The primary culprit for this abysmal winning percentage is due to the fact that from 1978 to 1996, including two Super Bowl losses, the Bengals dropped nine straight games in the series. Six of those nine losses were by single digits, with half of those by a field goal or less.
After two decades of losing every game in the series, the Bengals won a pair of high scoring shootout victories. In 1999 the Bengals won 44-30 behind a 334 yard, four touchdown performance by Jeff Blake. And in 2003, Rudi Johnson cranked out a pair of touchdowns and 174 yards on only 21 carries, as the Bengals won by a score of 41-38.
Unfortunately the series has taken a negative turn as the last two games between the Bengals and 49ers have been close losses.
2007: Bengals 13, 49ers 20
The 2007 game looked like one that sat in the Bengals' favor, as they were facing a bad 3-10 49ers team.
Looking back, the offense did everything you'd want from an efficient team. Carson Palmer had a good game with 252 yards, a touchdown, and zero sacks. The offense converted 50% of their third down conversions, had zero penalties, and zero turnovers. Despite that, they only scored 13 points.
Unfortunately the Bengals' defense could not keep the 49ers off the field to give their offense a chance to score. The Bengals allowed an average of 9 plays per 49ers possession, and forced only one three-and-out the entire game. The Bengals allowed the 49ers third string quarterback, Shaun Hill, to complete 75 percent of his passes. The Bengals' defense also allowed the 49ers to convert a ridiculous 71 percent of their third down conversions, while forcing zero turnovers.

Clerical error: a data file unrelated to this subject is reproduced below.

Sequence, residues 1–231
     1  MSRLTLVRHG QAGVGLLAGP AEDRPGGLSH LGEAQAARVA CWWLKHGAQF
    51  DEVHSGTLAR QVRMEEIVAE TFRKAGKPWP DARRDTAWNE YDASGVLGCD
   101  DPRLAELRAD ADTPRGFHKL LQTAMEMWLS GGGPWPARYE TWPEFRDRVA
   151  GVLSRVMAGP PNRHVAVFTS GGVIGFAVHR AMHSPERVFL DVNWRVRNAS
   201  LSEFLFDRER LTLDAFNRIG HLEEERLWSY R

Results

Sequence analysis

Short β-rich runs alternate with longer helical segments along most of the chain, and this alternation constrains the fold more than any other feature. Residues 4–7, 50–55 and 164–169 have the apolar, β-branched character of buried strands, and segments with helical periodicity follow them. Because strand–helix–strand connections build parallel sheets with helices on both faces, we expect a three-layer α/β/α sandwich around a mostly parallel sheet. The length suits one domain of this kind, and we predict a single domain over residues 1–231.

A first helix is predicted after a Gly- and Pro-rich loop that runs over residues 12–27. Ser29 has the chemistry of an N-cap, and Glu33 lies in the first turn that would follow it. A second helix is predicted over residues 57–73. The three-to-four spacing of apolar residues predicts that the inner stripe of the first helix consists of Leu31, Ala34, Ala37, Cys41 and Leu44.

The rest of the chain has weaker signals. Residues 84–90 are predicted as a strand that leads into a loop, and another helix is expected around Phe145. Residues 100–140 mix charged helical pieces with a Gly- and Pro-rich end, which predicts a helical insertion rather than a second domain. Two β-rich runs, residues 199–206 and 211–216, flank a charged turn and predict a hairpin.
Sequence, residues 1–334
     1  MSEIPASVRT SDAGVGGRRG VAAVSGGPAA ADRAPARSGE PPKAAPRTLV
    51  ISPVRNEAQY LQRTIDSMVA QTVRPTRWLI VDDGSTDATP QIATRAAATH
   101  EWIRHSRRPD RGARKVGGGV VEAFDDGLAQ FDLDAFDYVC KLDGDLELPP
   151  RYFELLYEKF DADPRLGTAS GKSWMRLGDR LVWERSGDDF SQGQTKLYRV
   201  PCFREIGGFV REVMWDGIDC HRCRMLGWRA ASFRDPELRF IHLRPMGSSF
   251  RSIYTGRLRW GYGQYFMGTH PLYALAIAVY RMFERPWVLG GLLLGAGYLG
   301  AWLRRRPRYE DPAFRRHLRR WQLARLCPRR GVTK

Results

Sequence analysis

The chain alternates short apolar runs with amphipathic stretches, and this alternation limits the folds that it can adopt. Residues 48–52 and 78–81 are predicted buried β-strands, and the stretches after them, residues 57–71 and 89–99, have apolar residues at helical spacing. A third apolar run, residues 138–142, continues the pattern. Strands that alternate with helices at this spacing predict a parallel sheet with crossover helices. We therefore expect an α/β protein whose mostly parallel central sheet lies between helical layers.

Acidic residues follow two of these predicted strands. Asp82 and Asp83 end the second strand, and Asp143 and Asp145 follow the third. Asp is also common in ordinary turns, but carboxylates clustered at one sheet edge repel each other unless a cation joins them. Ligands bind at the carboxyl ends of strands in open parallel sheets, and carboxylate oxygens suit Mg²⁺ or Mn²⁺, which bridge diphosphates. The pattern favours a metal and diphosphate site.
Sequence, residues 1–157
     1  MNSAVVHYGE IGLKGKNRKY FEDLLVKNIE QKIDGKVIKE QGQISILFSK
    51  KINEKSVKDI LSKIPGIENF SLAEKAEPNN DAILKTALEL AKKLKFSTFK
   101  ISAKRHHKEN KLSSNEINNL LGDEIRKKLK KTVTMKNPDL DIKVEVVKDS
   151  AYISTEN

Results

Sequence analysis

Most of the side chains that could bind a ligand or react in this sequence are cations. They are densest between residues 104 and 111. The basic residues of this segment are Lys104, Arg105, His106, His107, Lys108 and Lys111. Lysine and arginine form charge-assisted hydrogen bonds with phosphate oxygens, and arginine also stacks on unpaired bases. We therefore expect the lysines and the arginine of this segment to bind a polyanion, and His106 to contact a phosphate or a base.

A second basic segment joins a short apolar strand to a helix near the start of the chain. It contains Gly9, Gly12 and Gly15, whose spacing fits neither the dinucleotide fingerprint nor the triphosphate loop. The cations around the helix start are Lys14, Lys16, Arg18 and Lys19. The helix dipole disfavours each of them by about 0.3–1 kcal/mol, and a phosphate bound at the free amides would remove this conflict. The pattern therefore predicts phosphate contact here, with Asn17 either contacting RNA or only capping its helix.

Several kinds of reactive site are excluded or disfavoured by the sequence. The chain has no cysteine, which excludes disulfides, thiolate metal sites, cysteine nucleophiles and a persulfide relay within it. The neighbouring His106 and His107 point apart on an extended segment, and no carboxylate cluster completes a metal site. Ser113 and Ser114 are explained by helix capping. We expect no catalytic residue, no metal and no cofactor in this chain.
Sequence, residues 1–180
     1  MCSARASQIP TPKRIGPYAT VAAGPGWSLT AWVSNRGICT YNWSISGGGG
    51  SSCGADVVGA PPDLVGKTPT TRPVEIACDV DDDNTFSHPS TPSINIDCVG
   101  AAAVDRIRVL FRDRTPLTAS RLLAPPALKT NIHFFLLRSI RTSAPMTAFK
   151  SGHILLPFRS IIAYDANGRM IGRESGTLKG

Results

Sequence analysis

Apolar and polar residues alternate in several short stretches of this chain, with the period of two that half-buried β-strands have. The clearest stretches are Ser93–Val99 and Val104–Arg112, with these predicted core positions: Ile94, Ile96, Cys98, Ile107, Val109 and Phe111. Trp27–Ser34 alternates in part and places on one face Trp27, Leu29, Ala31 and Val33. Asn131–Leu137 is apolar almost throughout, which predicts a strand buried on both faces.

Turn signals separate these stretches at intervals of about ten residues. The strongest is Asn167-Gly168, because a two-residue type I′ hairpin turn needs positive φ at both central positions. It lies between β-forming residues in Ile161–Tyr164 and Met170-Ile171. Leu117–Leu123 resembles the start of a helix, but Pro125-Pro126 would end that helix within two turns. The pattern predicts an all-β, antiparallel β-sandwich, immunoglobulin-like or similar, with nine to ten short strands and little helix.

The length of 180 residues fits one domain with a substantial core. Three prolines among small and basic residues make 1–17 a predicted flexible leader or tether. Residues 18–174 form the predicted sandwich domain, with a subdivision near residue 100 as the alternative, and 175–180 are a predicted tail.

2011: Bengals 8, 49ers 13
The 2011 Bengals vs 49ers matchup was the first one that could have given fans a taste of Dalton facing Kaepernick, the two quarterbacks who have been loosely tied together since being drafted back to back in the 2011 NFL draft. But Kaepernick spent the 2011 season sitting on the bench, attempting only four more passes and one less touchdown than David Akers, the 49ers' kicker that season.
The 2011 game featured a 49ers team who ultimately finished 13-3 and reached the NFC championship game, ultimately losing in overtime to the New York Giants. Meanwhile, the Bengals were breaking in a rookie quarterback, and were projected by many to finish among the bottom rungs of the NFL ladder.
After scoring a field goal on their opening drive, the first half quickly devolved into a rough defensive struggle, with both teams punting on the remaining nine drives of the half.
With 10 minutes remaining in the game, the Bengals held a slim 6-3 lead, with the two teams combining for 14 punts on their first 18 possessions.
The first touchdown was finally scored with 4 minutes remaining, when Kendall Hunter ended a 49ers' drive on a seven yard run.
On the Bengals' next possession, Dalton was picked off, which led to a 49ers' field goal, and a 13-6 lead. Four plays later, Dalton threw another interception. Dalton's second pick was inside of two minutes, and all but secured the 49ers' victory, as they ate up as much clock as possible before allowing a safety with 8 second remaining, which resulted in the 13-8 final score.
2015: Bengals vs 49ers
Four and a half years after being drafted back to back, the 2015 matchup between the Bengals and 49ers looked like it would finally give us the matchup between Dalton and Kaepernick. That won't be happening. Suffering through a second, consecutive sub-par season, Kaepernick was benched before being placed on season ending Injured Reserve with a shoulder injury. For the Bengals, Dalton injured his thumb last week and won't play in San Francisco, though he will make the trip to support backup turned starter AJ McCarron. The 49ers are among the worst teams in the NFL and just lost to the Browns. While an Andy Dalton-led Bengals team would have been heavy favorites in this game, the Bengals are still favored in San Francisco, but to a lesser extent.